intensely trivial



Seriously addictive noodles

I get this weekly email from American Public Radio called “Weeknight Kitchen,” by Lynne Rossetto Kasper. Every week there’s a recipe that’s not too fussy and often pushes the boundaries of average American eating. Last week, Lynne shared a recipe for “Sichuan Pork Noodles.” I had a package of homegrown ground pork in the freezer that needed to be used, and a surplus of dried spaghetti. She said it’s the kind of food you like so much that you stand in the fridge door, eating it out of the container at midnight. So Sichuan Pork Noodles went on the menu for this week.
I really think you should try this at home! It’s easy and so, so good (Lynne was right about it being the food you crave). If you’ve hesitated to make “international” food before, this would be a great, low-risk, low-skill entree into creating international flavors in your kitchen. Think spaghetti and meat sauce, but with adventurous Asian flavor. I wish I had a photo of the finished dish to show you, but I was too busy wolfing it down.
Most of the ingredients are basic ones you probably have on hand already, like soy sauce, peanut butter, and spaghetti.
A few possibly new-to-you ingredients:
Rice vinegar — You can find this at most grocery stores. If you substituted another kind of vinegar for the rice vinegar, it would be OK. I think rice vinegar is slightly milder.
Asian chili-garlic sauce — This is the kind I used. Seriously, just smelling it after I took the lid off made me happy. Why didn’t I have some of this before??? YUM! (BTW, I bought mine at Dillons, though I’m sure the international food store would have it.)
Oyster sauce — Although this has oyster extract in it, it doesn’t taste fishy to me. I would not like that. (Again, bought mine at Dillons, but the int’l store would have it, too.)
Fresh ginger — This is what gingerroot looks like. You buy it at the grocery store in the produce section. It’s inexpensive, and it packs a big punch, flavor- and health-wise. I store it in a ziplock bag in my freezer and either hack off a chunk to mince, or just grate it as is. You can also slice off slivers and make tea with it to help with nausea (pregnant women, this is for you!)
Fresh cilantro — Cilantro is tricky, because you need to use it up pretty fast. Mexican and Indian food can use up a lot at a time. I have read about freezing it between layers of paper towels, too, but I’ve never tried that. When you need the fresh sharpness of cilantro, there is no substitute. It just serves as a tasty topping in this recipe, but I think it’s indispensable to the flavor. (Find it next to parsley in the produce section of the grocery store.)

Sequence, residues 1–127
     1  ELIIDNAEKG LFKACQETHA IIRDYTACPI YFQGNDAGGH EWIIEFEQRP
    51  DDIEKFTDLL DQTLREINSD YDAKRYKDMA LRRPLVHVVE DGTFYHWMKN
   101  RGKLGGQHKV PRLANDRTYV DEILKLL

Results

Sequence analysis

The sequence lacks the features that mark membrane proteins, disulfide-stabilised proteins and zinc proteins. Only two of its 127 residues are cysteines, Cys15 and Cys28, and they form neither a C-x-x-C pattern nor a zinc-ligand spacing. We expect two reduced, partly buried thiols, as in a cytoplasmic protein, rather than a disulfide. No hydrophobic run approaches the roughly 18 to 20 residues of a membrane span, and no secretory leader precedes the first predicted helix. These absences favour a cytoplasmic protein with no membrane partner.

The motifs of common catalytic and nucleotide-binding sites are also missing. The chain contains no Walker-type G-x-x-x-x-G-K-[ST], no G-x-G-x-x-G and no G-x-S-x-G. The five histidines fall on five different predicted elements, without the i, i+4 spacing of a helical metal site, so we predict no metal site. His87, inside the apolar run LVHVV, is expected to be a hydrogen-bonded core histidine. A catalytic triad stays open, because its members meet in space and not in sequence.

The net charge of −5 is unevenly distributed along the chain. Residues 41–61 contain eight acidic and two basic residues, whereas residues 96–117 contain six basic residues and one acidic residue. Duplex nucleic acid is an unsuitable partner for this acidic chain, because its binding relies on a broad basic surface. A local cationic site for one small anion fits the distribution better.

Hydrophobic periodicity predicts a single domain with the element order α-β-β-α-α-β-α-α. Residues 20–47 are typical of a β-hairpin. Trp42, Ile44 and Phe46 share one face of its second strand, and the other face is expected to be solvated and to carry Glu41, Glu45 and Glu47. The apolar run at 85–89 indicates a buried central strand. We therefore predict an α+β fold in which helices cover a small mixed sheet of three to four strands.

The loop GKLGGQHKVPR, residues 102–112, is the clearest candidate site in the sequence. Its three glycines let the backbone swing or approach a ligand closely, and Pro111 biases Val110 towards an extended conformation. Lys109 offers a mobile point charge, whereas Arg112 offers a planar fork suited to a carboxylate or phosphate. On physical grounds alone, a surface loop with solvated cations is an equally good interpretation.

So! Here’s the recipe, thanks to Weeknight Kitchen:

SICHUAN PORK NOODLES
Reprinted with permission from The Best Simple Recipes: More Than 200 Flavorful, Foolproof Recipes That Cook in 30 Minutes or Less (America’s Test Kitchen, March 2010). Copyright © 2010 by the Editors at America’s Test Kitchen.
Serves 4
• 1 pound ground pork (I think ground beef would also be good)
• 3 tablespoons rice vinegar
• 3 tablespoons soy sauce
• 1 tablespoon Asian chili-garlic sauce (see note at end of recipe)
• 1-1/4 cups low-sodium chicken broth (I used vegetarian “chicken” broth)
• 1/3 cup peanut butter
• 3 tablespoons oyster sauce
• 1 tablespoon vegetable oil
• 1 tablespoon grated fresh ginger
• Salt
• 1 pound fresh Chinese noodles or linguine (I used spaghetti)
• 2 tablespoons chopped fresh cilantro
1. Bring 4 quarts water to boil in large pot. Meanwhile, combine pork, 2 tablespoons vinegar, 1 tablespoon soy sauce, and chili-garlic sauce in bowl. In another bowl, whisk broth, peanut butter, oyster sauce, remaining vinegar, and remaining soy sauce.
2. Heat oil in large skillet over medium-high heat until just smoking. Add pork mixture and cook until no longer pink, about 5 minutes. Stir in ginger and cook until fragrant, about 30 seconds. Add broth mixture and simmer until slightly thickened, about 4 minutes.
3. Meanwhile, add 1 tablespoon salt and noodles to boiling water and cook until al dente. Reserve 1/2 cup cooking water, drain noodles, and return to pot. Add sauce and toss to combine, adding reserved pasta water as needed. Sprinkle with cilantro and serve.

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Comments

  1. * Gail says:

    Ummm…looks great. I’ll be trying this soon!

    Posted 7 years, 5 months ago
  2. * Jessica S says:

    We’re making them right now! Hurray!

    Posted 7 years, 5 months ago
  3. * Terri says:

    Mmmmmmmmmmm….this sounds great! I’ll have to try it soon.

    Posted 7 years, 5 months ago


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